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D8639098

  8 months ago

What’s a good credit score and what influences it?
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Your credit score is based on how well you manage your debt and how responsible you are when it comes to repayments, including whether you consistently pay on time and pay at least the minimum instalment due.

If you have a non-existent credit score, it’s likely that a lender will decline your application for a loan/credit as they have no track record to base their risk assessment on as to whether you are a good payer or not.

It takes around 12-18 months to build up a meaningful credit record, and you’ll need some sort of retail, cellular or store credit account – either interest or non-interest bearing – to set this process in motion.

What’s a good credit score?

Credit scores are typically rated on a scale from 0-1000 as follows:

767 – 999: Excellent
681 – 766: Good
614 – 680: Favourable
583 – 613: Average
527 – 582: Below average
487 – 526: Unfavourable
0 – 486: Poor

What factors influence your credit score?

- Missing or late payments will negatively affect your credit score. Even if you double up on the instalments in the following month to catch up, the inconsistent payments will reflect. The same applies to ‘adverse legal information’ – although this information is cleared as soon as the account is settled, the negative repayment history stays on your profile for a number of years.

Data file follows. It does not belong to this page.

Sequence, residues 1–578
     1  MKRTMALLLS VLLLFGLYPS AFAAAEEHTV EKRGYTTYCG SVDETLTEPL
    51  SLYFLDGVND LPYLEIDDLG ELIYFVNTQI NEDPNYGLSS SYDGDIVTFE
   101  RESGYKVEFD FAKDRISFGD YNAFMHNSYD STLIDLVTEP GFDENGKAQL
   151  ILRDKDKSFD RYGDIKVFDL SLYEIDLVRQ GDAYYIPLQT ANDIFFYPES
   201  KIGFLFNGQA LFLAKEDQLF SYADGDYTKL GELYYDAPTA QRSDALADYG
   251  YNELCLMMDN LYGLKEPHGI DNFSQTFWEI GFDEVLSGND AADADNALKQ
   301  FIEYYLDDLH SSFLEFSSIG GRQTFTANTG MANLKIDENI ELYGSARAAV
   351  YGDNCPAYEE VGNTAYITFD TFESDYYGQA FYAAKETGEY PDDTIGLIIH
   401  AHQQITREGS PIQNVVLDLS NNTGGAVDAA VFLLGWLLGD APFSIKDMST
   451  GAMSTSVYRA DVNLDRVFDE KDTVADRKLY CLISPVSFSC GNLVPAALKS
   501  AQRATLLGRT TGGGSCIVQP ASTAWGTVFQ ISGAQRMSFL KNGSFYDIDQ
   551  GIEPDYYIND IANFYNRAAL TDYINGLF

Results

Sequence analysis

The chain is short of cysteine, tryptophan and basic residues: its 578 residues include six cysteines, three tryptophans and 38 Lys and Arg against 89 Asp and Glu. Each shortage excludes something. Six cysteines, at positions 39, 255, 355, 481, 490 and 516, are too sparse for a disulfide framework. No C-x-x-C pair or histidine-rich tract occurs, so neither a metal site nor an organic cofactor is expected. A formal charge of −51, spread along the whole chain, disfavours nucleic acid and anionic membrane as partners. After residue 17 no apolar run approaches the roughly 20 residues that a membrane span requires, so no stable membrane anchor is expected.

- Multiple credit enquiries and high credit utilisation – a sudden uptick in credit applications in a short period will red flag on your credit profile, as will a consistently high credit limit utilisation. Try and keep your usage to less than 50% and ideally at 35% of your credit limit. Balances that are always close to your limit suggests that you are living on credit to get by. Any credit enquiries will reflect for up to two years.
- If you have a number of unused credit facilities, consider closing some of them. Having a lot of unused credit could lead to a large debt balance if you decide to use all of them at once.
- A court judgment or ‘blacklisting’ will negatively impact your score.
- Duration of credit history – it takes six years to calculate your credit score, so a credit history shorter than this will bring your score down. By the same token, it means that any missed or late payments history will stick around for six years too!
- If you run into payment difficulties, be proactive and make arrangements with the credit provider. We may be living in challenging pandemic times; however, the fact remains that your debt is not going to go away. Rather proactively approach and negotiate with creditors and lenders.
- Regularly check your credit report via the various bureaus which provide a free annual credit report to consumers.
- Improvements in your credit score will usually start showing within three months of consistent behaviour and your score should updated accordingly.
- Serious credit impairments such as late payments, default judgements, insolvency and legal action can stay on your credit record for up to 10 years.

Source: Business Tech
(https://businesstech.co.za/news/business-opinion/530410/whats-a-good-credit-score-and-what-influences-it/)

Are you aware of your credit score?
Reply

M2227388d22

  8 months ago
no
0 comments

LWillers1977

  8 months ago
Yes, I check it regular.
0 comments

LWillers1977

  8 months ago
Yes
0 comments

A5004231l50

  8 months ago
Yes
0 comments

S4296373j42

  8 months ago
Yes
0 comments

S6697946q66

  8 months ago
Yes
0 comments

S1345074a13

  8 months ago
Yes
0 comments

LWillers1977

  8 months ago
Yes
0 comments

S2280547d22

  8 months ago
I have never checked my credit score
0 comments

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